I have faced overwhelming loss in my life since the time I read this book and I honestly believe that reading it was a major part of God’s plan for me because it prepared me to rely on him during those times of suffering. I am incredibly grateful for the peace and safety I’ve experienced through practicing his presence because it helped me realize that I’m never really alone. Because of this realization there never have to be any “set confession times” (i.e. bedtime prayers or set morning devotionals), in my life now and there are never really any “amens” because the conversation I’m having with God doesn’t end until I fall asleep. The daily fellowship I have with him can be as close, intimate, and constant as the relationships I have with those in my innermost circle that I can physically see. These constant conversations, allow for continual confession and communion all day every day. God is right there with me and I’m talking to him while I’m driving and while I’m cleaning the house and going to work or school etc. When I read his word it is because I have a free moment to do it and because I want to have a quiet time to just focus on him and not because my alarm went off telling me it’s time for devotions and I feel obligated. Instead of devotionals they are more like “breaks” I take with him similar to the lunch break I was able to take with my son yesterday (that I enjoyed immensely), after working together in the yard all morning. When I’m making bad choices or losing my temper or having a selfish moment, he’s grieved, but he is still right there with me and by practicing his presence I am immediately reminded at that moment, to make things right with him (on a moment by moment basis), instead of a “confession time” at the end of the day when I’m tired and can’t remember the long list of my mistakes…and yes I make more than I can remember or keep up with on a daily basis.
    I believe being spiritual allows a person to have a deeper intimate relationship with God by communing with him through the ordinary experiences in life and not just the occasional formal ones like weekly bible study, Sunday services or holidays. That belief can be compared with the saying about parenting, “you can’t have quality time without quantity time”. In other words teachable or “quality” moments with our children (such as the lunch I had with my son yesterday), come when we spend large amounts of time together, (like working in the yard all day together). So to me..I guess the practice of religion is the first step toward an intimate relationship with God… and practicing his presence daily will lead to a life that is spiritual which is the ultimate goal for me.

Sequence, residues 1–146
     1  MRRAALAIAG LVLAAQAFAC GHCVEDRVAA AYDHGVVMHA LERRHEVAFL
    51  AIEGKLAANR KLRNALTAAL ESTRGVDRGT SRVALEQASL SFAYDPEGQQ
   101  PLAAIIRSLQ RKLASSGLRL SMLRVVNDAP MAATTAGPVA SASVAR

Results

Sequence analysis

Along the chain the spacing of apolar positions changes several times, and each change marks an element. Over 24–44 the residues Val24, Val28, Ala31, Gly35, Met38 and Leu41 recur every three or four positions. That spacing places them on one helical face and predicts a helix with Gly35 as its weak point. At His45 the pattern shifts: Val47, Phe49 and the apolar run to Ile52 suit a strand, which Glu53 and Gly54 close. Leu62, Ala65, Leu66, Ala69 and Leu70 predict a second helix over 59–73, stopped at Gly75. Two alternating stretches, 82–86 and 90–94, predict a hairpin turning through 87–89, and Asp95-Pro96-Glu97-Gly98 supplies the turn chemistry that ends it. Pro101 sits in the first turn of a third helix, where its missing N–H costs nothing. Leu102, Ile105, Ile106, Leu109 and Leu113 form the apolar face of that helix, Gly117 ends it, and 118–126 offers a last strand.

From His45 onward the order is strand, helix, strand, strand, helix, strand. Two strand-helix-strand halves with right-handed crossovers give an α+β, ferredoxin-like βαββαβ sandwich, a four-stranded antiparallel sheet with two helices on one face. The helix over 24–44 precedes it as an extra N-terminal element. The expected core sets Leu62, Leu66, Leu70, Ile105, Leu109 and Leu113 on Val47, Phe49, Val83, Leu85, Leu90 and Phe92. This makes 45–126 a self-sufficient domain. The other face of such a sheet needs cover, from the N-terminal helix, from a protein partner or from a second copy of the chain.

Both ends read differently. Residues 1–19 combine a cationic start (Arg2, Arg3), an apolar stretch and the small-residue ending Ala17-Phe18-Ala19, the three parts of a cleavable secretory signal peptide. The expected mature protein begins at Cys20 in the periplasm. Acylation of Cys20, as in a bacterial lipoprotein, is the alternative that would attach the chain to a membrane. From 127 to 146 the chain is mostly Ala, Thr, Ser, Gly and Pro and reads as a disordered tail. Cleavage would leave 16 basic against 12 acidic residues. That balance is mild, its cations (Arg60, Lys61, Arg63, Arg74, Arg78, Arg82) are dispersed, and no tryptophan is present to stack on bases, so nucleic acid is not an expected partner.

• June 14, 2015 at 3:01 pm

      Thank you so much for taking the time to share these thoughts. Blessings to you. –Nathaniel

Leave a Reply

Your email address will not be published.

Nathaniel is CEO of AidChild.org. He holds a Master's Degree in Human Development and Psychology from Harvard University where he was a Reynolds Fellow in Social Entrepreneurship, and winner of the 2010 Harvard HDP Marshal Award. He also holds a PhD in Leadership Studies from the University of San Diego where he was the Dammeyer Fellow in Global Education Leadership, and a Cordes Fellow at Opportunity Collaboration. Nathaniel is author of "We Are Not Mahogany: Three stories about the male African life." Prior to his move to Uganda in 2000, Nathaniel was Deputy Director of the Office of the Governor of Arizona, and Director of Education at Leadership, Inc.

Download now our Android App


Direct Download
Just take a photo of the QR code by using an app like Barcode Scanner or visit this website with your smartphone and click on the "Direct Download" link.
Powered By WP App Maker